The difference starting to save early can make
According to our research, the news on saving money is good. Apparently, we all agree that putting some cash aside for the future is important. Gold stars all round. But delve a little deeper, and you soon find the gold stars should be awarded more for good intentions, than for actual effort.
The top financial hope of the under 50s is to save more, while the biggest financial regret of the over 50s is not saving enough. So what happens in the years between our carefree youth and wiser later years? Clearly not enough in the savings department. Despite our best intentions, we’re not all putting our money where our piggy bank is.
Let’s face it, spending money is essential and also on occasion, great fun. Saving on the other hand, can feel like a chore or just an expense too far. But the reality is it may not be quite as hard as we think.
When it comes to putting money away for the future, the early bird really does catch the worm. Starting to save early in life, even just a few pounds a month, can pay off in our later years. Our latest infographic simply demonstrates the difference starting to save sooner rather than later can make to the size of a savings pot, further down the line.
It also explains what you need to know about ISAs – Individual Savings Accounts - a popular choice amongst the nation’s savers for their tax efficiency and flexibility.
If you’d like to save more, but are struggling to see where to find some spare cash to do so, why not try our free savings calculator. It can help you see how making a few small changes here and there could really boost your savings efforts.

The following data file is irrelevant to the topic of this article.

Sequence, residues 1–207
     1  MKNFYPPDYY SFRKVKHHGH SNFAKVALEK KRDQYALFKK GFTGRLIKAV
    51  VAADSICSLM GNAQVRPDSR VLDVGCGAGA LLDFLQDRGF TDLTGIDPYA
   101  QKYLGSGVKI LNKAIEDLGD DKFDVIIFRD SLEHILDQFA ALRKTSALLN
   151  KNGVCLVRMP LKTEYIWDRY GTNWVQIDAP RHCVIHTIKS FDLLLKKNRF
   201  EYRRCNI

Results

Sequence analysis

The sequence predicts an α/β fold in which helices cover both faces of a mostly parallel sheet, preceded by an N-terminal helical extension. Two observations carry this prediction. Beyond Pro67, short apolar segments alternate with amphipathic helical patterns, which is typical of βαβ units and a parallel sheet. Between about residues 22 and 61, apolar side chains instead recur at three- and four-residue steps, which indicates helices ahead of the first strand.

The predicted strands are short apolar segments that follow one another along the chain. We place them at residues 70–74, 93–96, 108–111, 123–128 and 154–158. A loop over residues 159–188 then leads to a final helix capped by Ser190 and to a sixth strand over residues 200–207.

The Savings Generation Gap
A common tip we hear from the older generation, is to start saving sooner rather than later but many people realise too late the difference saving a small amount on a regular basis can make.
It could pay to start saving early
Meet old school friends Pete and Steve. As soon as he turned 25, Pete started saving £10 every month. Steve took a different approach. He decided to delay saving until he was 45, then started saving £30 every month. By the time Pete and Steve reached their 55th birthdays, both had saved exactly the same amount of money - £3600.
But the size of their savings pots was very different. Pete who had saved £10 a month for 30 years, was almost £1000 better off than Steve, who’d saved 3 times more a month - £30 - over just 10 years.*.
Financial hopes and regrets
The top three financial hopes for 18-50 year olds were to save more, be debt free and buy a home. In contrast, the top three financial regrets for over 50s were not saving or investing enough, making bad or the wrong investments and not having enough in a pension.
ISAs**… did you know?
- ISAs are Individual Savings Account that let you save money tax efficiently.
- Three quarters of ISA holders have an average annual income less than £30,000?
- There are 22m+ ISA holders in the UK – with an equal split between men and women.
- 46% of ISA holders are over 55.
- 34% of ISA holders are aged 35-54.
- 20% of ISA holders are under 35.
- The average savings of ISA holders under the age of 25 is £3,247.
- The average savings of ISA holders over the age of 65 is £34,705.
Five ISA must knows
- Two types of adult ISA - Cash ISA: a savings account paying a fixed or variable interest rate. Stocks & Shares ISA: An investment-based account where the value can go up or down depending on the performance of the stock market.
- ISA tax benefits –There’s no tax to pay on any growth in value or income you earn from your ISA.
- Annual ISA limit - In tax year 2015/16 up to £15,240 can be split in any way between a Cash ISA and Stocks & Shares ISA.
- Ways to pay in- regular payments, a lump sum or a combination.
- Flexibility – Money in a Cash ISA can be moved to a Stocks & Shares ISA and vice versa.
How tax affects you depends on your individual circumstances and tax law could change in the future.
SunLife’s ‘Life’s what you make it’ research March – May 2014
* This example illustrates the effect of fixed compound interest over time and is based on compound interest of 2% per year. It is not intended to represent any particular financial product and does not take into account the effect of tax or inflation.
** HMRC ISA Statistics – April 2015. All figures 2012-2013 tax year excluding Junior ISAs.